One of the best features of Japanese Maples is their fall color, but after that there is not so much to see, and during winter many are brown or perhaps green. The idea of making each plant valuable for four seasons is a great guide when choosing plants, so why not add a fourth season to your Japanese Maple trees too? By making the right selection from among the many varieties of these trees, you can have interest from the bark and winter twigs – something that is often overlooked in the garden, but that adds a whole extra dimension to the appreciation of our plants.
Japanese Maples with Colorful Winter Twigs
There are several Japanese Maples renowned for their winter twigs, whose color and interest rival that of popular shrubs like the red-twig dogwoods. The most well-known is the variety usually called the Coral Japanese Maple, or by is Japanese name of ‘Sango-Kaku’. This lovely small tree is upright, and can reach 20 feet tall in time, but remains only 6 or 8 feet wide. The leaves are yellow-green in spring, with red edges, and mature to a beautiful light green for the summer. They have the characteristic narrow lobes of Japanese Maples, and because those lobes are a little wider than in many others, this tree is more resistant to summer scorching, and it is very suitable for hotter zones, where more delicate varieties regularly shrivel in the heat. In fall the leaves turn a brilliant light yellow, but it is in winter that this tree really shines. All the younger branches are coral red, making a gorgeous display in the winter sunlight. The color develops best in the sun, so it is fortunate that this variety is tougher than many, since it will grow well in full sun. Use it as a small specimen tree in an open area, or on the southern edge of a woodland. Once it is established and growing well, some spring pruning will encourage lots of strong new stems, giving the maximum amount of red twigs the following winter.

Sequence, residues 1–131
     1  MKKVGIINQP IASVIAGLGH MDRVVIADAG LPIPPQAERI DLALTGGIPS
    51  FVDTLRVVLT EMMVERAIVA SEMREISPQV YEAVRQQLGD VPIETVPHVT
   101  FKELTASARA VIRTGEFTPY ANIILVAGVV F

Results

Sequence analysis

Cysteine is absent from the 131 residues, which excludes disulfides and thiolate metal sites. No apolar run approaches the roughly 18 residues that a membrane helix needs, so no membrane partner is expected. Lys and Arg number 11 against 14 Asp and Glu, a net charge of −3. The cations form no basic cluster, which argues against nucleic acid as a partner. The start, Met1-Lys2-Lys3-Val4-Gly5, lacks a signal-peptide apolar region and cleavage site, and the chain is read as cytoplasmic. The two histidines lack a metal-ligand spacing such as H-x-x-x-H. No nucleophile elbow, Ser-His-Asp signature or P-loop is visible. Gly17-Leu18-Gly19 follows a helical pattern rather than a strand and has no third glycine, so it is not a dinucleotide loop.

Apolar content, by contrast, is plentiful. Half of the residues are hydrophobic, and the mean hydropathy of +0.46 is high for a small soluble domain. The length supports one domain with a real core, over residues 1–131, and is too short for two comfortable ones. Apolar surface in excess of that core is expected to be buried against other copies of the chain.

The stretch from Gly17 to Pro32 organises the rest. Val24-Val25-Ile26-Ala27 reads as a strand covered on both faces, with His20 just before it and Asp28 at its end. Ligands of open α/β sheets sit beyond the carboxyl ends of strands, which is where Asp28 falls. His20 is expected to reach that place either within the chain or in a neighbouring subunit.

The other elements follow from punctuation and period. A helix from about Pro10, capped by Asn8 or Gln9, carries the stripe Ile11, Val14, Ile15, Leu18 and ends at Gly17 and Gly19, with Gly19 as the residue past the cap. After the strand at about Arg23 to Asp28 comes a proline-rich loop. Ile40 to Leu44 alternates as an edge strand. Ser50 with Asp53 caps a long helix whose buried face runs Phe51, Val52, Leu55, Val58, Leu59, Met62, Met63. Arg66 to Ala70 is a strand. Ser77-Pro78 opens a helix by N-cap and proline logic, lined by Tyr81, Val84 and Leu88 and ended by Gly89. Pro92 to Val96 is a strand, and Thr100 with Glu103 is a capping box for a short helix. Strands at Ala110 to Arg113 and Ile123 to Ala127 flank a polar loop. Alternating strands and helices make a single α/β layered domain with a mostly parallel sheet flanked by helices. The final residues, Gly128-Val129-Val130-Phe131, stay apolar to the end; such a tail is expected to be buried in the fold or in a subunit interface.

Less well known, but equally exotic in winter, is the Golden Bark Japanese Maple, called ‘Bihou’. Harder to find, but worth tracking down, this gorgeous tree also has the brilliant fall colors associated with Japanese maples. Smaller than the Coral Japanese Maple, it reaches just 7 to 12 feet tall, so it is ideal for a small garden, a courtyard, or around your house. Like ‘Sango-Kaku’ it has slightly broader leaves, so it to is more resistant to heat and sun. The green leaves turn fabulous shades of gold, yellow and orange in fall, and this tree really glows. Then, when the last leaf has fallen, we can see the beautiful apricot-yellow twigs, which hold their color all winter long, adding a lovely note to the calm feel of the winter garden.
Japanese Maples with Unique Bark
Like twig color, we perhaps pay too little attention to the texture of bark, but it is an important part of the esthetic feel of our gardens. Most Japanese maples have relatively smooth bark – attractive but not stunning. Some, however, have bark that is truly tactile, and one variety in particular stands out in this category.